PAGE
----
Purpose Integrated Data Environment to eNhance outcomes in cusTody Youth (IDENTITY) is a web-based portal designed to share linked electronic health record (EHR) and child welfare information in near-real time for children in protective custody. The purpose of this study was to evaluate the feasibility and utilization of IDENTITY by child protective services workers and clinicians. Methods IDENTITY links records between the State Automated Child Welfare Information System (SACWIS) and the EHR using deterministic matching and non-deterministic matching algorithms (Dexheimer et al., 2018), updated twice daily and displayed in a web-based, read-only application. The pilot system launched April 9, 2018. Uptake and utilization of IDENTITY has been collected and recorded to assess user experience. Semi-structured interviews were completed with child protective services staff (N = 34) to understand the impact of IDENTITY on their work. Results IDENTITY was launched with 66 child protection caseworker and 5 clinician users. By January 2019, IDENTITY had spread to 637 users (346 caseworkers, 291 clinicians). Of those users, 70% have accessed the application. An average of 68 users (66% caseworkers) access an average of 207 children’s records in IDENTITY per week (53% by caseworkers, 47% by clinicians). “Health Information” is most commonly accessed (73%), which displays diagnoses, allergies, medications, and surgical history. “Primary Contacts” is second most common (14%), and lists caseworker, supervisor, section chief, GAL/CASA, and primary care doctor contact information. “Referrals and Appointments” is third most common (7%), and displays future appointments, missed appointments, and open referrals. Caseworkers and clinicians are accessing different information in IDENTITY; more than 85% of views for health information, completed visits, and upcoming appointments and referrals are the result of caseworker access, while clinician views account for the majority (69%) of child welfare history views. Interviews with 34 child protection staff revealed that the majority of weekly users (92%) accessed IDENTITY several times per day, most commonly to prepare for Semi-Annual Reviews (58%). Case workers reported referencing health information (42%), validating existing diagnoses (17%), and checking on currently documented lead levels (17%). One supervisor noted, “[IDENTITY] has made our roles more productive.” A frontline worker explained, “It is way easier to use [IDENTITY] compared to SACWIS. You do not have to jump from screen to screen just to find simple information.” Reports from the low-end users reflected two themes: half of low-end users did not understand the purpose of IDENTITY, and half reported trouble managing their login credentials. Conclusion IDENTITY has demonstrated good user uptake and utilization and resulted in positive feedback from users. This demonstrates that it is possible to use integrative technology to improve information sharing between two different systems by linking, merging, and displaying existing information from healthcare and child welfare systems.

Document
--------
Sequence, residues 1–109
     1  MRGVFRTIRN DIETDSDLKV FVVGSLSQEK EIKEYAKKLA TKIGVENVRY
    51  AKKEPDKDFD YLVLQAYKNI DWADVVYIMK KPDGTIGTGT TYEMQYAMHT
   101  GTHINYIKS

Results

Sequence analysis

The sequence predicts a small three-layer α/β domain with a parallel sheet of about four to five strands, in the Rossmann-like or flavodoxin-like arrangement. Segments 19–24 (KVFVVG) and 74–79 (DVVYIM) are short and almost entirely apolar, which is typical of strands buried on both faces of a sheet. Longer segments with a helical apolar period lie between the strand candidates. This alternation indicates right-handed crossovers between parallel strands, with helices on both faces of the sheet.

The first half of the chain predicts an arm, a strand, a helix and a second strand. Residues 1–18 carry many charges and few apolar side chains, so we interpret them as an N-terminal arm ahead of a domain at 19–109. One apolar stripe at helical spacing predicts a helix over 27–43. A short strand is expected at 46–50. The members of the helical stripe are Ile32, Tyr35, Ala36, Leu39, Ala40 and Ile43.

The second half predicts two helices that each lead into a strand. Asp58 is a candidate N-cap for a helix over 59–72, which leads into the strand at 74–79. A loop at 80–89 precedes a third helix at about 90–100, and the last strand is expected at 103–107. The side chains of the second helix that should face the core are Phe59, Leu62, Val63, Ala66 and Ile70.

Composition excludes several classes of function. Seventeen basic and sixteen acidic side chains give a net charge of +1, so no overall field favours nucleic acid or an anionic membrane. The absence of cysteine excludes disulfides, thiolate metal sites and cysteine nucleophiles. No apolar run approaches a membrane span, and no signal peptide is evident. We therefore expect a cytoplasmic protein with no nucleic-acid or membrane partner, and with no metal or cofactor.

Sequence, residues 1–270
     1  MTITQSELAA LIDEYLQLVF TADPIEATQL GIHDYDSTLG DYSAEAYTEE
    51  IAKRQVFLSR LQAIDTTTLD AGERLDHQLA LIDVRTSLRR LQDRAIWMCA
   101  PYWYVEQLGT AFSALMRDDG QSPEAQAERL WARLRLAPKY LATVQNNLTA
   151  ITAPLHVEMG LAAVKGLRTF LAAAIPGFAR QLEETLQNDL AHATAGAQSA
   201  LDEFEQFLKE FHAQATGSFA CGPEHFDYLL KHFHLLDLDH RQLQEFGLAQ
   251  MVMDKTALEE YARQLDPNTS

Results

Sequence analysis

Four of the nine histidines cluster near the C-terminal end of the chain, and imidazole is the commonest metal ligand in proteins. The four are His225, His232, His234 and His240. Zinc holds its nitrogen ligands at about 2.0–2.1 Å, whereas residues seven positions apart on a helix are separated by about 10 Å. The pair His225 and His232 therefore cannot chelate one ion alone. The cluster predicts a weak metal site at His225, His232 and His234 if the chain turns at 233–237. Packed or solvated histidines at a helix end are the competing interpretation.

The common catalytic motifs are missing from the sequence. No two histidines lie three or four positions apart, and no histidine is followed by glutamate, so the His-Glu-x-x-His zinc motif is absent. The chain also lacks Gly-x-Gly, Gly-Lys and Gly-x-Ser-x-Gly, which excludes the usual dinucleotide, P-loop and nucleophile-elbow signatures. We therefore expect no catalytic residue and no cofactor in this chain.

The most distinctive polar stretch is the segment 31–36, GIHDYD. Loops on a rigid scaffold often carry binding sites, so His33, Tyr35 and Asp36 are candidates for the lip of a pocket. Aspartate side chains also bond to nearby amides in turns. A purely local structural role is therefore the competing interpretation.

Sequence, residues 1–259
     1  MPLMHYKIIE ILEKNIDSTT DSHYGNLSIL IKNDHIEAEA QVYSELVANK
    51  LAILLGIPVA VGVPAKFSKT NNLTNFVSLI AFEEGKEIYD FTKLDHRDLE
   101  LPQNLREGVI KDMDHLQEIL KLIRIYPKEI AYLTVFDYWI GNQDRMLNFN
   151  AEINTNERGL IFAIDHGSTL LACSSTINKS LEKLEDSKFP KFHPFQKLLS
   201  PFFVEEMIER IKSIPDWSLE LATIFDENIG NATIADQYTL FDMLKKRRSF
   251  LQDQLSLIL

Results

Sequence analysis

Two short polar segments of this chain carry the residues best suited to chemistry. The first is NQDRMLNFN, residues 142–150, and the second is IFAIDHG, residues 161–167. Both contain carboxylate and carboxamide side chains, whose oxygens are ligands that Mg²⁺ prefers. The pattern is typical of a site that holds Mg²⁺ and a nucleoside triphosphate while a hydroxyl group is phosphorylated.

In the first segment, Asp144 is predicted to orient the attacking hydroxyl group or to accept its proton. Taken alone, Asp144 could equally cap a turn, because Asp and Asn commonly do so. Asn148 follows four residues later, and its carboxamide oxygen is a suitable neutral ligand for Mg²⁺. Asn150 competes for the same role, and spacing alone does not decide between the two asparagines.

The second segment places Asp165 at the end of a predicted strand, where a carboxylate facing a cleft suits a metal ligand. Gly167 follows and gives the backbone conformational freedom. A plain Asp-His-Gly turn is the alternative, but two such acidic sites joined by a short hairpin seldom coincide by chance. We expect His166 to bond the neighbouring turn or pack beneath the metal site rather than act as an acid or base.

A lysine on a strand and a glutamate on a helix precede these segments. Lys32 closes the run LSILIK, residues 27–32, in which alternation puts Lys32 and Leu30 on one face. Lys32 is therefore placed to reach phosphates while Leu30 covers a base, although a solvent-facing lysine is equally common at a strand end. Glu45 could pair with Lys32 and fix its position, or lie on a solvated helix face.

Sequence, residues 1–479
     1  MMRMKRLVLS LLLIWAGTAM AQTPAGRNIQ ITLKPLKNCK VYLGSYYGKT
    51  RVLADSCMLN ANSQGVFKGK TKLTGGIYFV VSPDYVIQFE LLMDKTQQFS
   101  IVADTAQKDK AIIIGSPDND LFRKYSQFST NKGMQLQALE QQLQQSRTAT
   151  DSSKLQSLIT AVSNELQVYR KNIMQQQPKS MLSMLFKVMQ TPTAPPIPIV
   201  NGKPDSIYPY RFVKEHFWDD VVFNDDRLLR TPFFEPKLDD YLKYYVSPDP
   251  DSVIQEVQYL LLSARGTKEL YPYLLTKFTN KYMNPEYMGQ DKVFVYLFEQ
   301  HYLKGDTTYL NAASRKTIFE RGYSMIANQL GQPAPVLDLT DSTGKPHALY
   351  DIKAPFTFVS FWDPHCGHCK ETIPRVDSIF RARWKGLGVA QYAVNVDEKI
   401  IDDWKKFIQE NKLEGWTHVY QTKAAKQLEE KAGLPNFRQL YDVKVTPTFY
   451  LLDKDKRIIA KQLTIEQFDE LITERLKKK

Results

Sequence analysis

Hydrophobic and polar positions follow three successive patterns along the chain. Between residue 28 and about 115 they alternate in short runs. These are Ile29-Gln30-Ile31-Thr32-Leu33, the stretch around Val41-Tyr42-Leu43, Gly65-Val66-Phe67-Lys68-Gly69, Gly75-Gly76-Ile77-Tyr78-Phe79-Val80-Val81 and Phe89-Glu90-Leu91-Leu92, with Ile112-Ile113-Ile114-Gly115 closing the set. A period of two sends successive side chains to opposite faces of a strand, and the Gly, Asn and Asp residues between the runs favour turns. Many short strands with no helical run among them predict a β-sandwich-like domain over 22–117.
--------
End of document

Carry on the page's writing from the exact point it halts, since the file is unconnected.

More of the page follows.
Evaluating IDENTITY, an Automated Data Sharing Platform to Improve Health Outcomes for Youth in Protective Custody
Mary V. Greiner, Sarah J. Beal, Judith Dexheimer, Kelly Krummen; Evaluating IDENTITY, an Automated Data Sharing Platform to Improve Health Outcomes for Youth in Protective Custody. Pediatrics July 2020; 146 (1_MeetingAbstract): 507–508. 10.1542/peds.146.1MA6.507
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